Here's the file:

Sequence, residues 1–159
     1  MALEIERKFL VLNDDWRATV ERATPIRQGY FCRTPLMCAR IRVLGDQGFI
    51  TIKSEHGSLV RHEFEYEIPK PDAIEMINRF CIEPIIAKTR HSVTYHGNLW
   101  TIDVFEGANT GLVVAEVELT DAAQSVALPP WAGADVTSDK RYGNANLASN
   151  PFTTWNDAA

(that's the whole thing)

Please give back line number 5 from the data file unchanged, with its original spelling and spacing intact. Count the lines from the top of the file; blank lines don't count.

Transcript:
   151  PFTTWNDAA